Are we our own worst enemy?

It has been said that we are our own worst enemy. One example of this is when we hold negativity in and cannot let it go. That anger and negativity spill over into other things we do, darkening our entire lives and crushing our souls.

I often tell people to forgive others. You do it for yourself, not for them. The people we forgive don’t even have to know you forgive them. Holding anger, resentment and strife against another person and constantly thinking about them poisons you; it leaves you dark and always angry.

People will often think of how they were wronged and hurt because they can't wrap their heads around the problem or the other person's reaction. This can spool up into constant frustration, leading to depression. If this sounds familiar,  the best thing to do is forgive and move on.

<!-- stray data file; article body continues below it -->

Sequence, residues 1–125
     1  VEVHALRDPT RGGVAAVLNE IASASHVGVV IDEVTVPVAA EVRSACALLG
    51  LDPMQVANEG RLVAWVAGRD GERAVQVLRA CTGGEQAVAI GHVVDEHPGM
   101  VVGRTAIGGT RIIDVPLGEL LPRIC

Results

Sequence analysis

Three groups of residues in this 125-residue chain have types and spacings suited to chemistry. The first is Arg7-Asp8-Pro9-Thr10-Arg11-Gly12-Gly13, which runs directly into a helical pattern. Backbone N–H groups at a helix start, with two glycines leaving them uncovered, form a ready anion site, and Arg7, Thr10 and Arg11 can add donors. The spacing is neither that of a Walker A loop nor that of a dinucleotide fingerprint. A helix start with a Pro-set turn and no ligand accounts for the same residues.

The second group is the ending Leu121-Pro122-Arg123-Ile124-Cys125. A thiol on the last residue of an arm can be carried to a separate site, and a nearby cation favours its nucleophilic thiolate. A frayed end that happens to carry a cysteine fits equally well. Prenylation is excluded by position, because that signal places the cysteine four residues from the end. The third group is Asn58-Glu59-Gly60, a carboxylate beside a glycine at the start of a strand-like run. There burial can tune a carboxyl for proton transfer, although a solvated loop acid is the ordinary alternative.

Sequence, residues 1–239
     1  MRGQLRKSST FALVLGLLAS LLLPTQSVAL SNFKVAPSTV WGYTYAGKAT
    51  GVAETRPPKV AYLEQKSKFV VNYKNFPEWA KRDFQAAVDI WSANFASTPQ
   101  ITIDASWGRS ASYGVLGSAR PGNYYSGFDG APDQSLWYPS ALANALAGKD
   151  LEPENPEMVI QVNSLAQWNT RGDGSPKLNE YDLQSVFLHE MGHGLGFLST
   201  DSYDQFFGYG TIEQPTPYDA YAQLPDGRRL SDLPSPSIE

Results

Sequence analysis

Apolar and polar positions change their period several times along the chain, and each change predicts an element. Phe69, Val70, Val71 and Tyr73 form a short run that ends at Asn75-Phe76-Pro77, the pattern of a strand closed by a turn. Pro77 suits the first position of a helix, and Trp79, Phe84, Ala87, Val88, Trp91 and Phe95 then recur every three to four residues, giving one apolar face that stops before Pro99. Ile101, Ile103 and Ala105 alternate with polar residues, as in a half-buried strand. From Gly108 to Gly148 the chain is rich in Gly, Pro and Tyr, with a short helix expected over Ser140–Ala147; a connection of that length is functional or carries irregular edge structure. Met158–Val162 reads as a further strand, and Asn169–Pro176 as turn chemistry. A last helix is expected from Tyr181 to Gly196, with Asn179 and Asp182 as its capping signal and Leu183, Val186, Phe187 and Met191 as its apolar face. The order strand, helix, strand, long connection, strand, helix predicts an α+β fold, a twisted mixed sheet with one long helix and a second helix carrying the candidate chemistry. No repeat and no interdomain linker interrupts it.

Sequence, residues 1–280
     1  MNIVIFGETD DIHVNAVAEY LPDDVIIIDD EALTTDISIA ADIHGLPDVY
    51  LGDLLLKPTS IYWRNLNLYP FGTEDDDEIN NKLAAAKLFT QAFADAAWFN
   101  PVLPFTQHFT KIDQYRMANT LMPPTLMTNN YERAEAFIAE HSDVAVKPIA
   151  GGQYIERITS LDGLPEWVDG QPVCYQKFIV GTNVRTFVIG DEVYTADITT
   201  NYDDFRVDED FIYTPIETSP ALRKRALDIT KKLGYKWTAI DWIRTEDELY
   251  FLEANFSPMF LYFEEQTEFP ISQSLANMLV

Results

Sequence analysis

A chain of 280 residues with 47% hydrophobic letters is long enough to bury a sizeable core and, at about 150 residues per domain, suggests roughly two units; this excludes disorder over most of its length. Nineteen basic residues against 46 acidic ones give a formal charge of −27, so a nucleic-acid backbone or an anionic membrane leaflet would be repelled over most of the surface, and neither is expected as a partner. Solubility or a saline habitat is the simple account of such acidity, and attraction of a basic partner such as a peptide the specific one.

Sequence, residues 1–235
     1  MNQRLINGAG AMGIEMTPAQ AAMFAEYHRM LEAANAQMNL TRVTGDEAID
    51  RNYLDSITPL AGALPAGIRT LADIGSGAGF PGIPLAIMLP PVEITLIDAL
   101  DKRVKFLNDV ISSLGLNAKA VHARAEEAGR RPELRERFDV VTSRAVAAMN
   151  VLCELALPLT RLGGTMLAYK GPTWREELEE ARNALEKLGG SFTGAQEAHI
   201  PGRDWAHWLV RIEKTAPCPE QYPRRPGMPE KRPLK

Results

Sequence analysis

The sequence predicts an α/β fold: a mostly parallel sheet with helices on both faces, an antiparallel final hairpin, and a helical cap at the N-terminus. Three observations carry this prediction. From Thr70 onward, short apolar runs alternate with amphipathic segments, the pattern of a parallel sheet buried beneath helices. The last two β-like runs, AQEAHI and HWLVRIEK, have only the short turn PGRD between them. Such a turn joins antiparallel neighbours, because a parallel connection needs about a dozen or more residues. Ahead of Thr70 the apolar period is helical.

This is not an easy choice, and it isn't like you can do it at any time without effort, but it is very important.  First, you have to let go of the anger and the hatred. Then, you have to set yourself free of them and what happened. Learn from the situation so that it does not happen again and then let it go. If you have to, get some help to allow yourself to come to terms with it. If you do not, it will end up causing you to rot from the inside.

Forgiving someone is not saying to them or the world that what they did is OK or what you felt is irrelevant. It says you are no longer going to dwell on this and allow this issue to rule over you. You need to take back yourself and allow the past to stay in the past. This can be one of the hardest things to do, especially if it involves a loved one.

So, if you are holding pain at or toward a person, or a group of people and you can't let it go, talk to a professional, a mentor or a religious leader to help you move past this and learn to forgive. Remember it isn't for them; it's for you.

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Dr. Matt Chalmers

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